Dr. Barra O’Donnabhain, who holds a PhD degree in Anthropology from the University of Chicago, is an Irish bioarchaeologist who has been conducting archaeological research in Ireland and other parts of the world over the last three decades. His publications cover a wide temporal span as well as a broad range of themes but are characterized by an integrative approach in their reconstructions of past lives. This is exemplified by recent papers dealing with the political use of the ritualized violence of public executions and the role of the quotidian use of material culture in the construction of identity in Viking Age Dublin. O’Donnabhain has directed and collaborated in archaeological projects in a number of world areas. His recent focus has been on institutional confinement. From 2009 to 2011, he directed excavations at a putative leper hospital in south west Ireland and since 2012 has been conducting excavations at the 19th century prison at Spike Island, also in Ireland. He is co-author of the 2016 volume “To Beautiful for Thieves and Pickpockets: A History of the Victorian Convict Prison on Spike Island”. He is currently on the faculty of the Department of Archaeology at University College Cork and is on the Board of Directors of the Los Angeles-based Institute for Field Research.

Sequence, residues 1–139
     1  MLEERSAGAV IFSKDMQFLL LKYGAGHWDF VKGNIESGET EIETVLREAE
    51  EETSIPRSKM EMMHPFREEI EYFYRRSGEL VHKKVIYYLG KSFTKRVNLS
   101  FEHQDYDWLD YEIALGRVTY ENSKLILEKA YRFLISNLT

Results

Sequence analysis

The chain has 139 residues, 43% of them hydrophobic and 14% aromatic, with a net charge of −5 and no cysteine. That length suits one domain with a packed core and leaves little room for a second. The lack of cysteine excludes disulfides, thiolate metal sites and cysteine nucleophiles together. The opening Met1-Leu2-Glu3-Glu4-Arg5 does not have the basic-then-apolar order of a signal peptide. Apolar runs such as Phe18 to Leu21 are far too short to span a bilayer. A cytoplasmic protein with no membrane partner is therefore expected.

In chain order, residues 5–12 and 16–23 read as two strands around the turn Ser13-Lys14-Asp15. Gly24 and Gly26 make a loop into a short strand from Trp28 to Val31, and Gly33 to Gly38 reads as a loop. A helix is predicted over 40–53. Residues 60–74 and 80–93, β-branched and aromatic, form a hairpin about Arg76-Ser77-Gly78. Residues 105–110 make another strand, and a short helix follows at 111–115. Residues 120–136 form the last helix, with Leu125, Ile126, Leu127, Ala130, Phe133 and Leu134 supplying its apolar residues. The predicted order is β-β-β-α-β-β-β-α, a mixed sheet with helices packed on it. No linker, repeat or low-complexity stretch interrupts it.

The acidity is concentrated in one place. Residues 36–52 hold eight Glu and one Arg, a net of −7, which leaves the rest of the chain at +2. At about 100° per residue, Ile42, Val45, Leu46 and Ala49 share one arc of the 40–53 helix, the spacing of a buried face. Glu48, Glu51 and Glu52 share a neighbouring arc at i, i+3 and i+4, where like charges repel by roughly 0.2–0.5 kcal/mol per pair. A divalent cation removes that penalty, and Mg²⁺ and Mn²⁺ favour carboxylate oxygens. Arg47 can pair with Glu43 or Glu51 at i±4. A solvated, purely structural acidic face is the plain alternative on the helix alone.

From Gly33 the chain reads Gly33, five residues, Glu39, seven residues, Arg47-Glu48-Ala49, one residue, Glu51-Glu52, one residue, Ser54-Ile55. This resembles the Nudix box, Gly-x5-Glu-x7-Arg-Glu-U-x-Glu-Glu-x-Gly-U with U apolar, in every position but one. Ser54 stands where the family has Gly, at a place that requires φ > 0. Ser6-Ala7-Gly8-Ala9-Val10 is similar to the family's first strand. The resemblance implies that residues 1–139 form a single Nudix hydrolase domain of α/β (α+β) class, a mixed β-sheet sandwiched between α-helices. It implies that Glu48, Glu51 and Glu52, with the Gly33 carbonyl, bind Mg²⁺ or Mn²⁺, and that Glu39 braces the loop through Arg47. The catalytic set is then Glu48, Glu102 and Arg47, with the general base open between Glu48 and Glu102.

Dr. María Cecilia Lozada is a Peruvian bioarchaeologist who has been conducting archaeological research in the South Central Andes for the last 20 years, and holds a PhD degree in Anthropology from the University of Chicago. She uses a multidisciplinary approach to study the past, combining archaeology, human osteology and ethnohistory, which is exemplified in her book: “El Señorío de Chiribaya en la Costa Sur del Perú” (2002) and multiple publications that showcase her integrated social and biological reconstructions of past Andean societies. In 2013, she co-edited the volume “The Dead Tell Tales” that was published by the Cotsen Institute of Archaeology Press at UCLA. Along with Vera Tiesler, she is co-editor of the book Social Skins of the Head. Body Beliefs and Ritual in Ancient Mesoamerica and the Andes, University of New Mexico Press (2018). For the past 11 years, Lozada has been the main field archaeologist and human osteologist for several multidisciplinary and collaborative projects in northern Chile co-sponsored by the Cotsen Institute of Archaeology at UCLA and La Universidad de Chile. In 2009, she initiated a new archaeological project in the Vitor valley in southern Peru. As the Principal Investigator of the Vitor Archaeological Project, Lozada leads a multinational team that includes Peruvian investigators as well as numerous American students and researchers from institutions such as UCLA, the Field Museum of Natural History in Chicago and The University of Chicago. She is currently a Research Associate in the Department of Anthropology at the University of Chicago, and has been actively working to promote collaborations between local universities in Peru and the United States through her projects.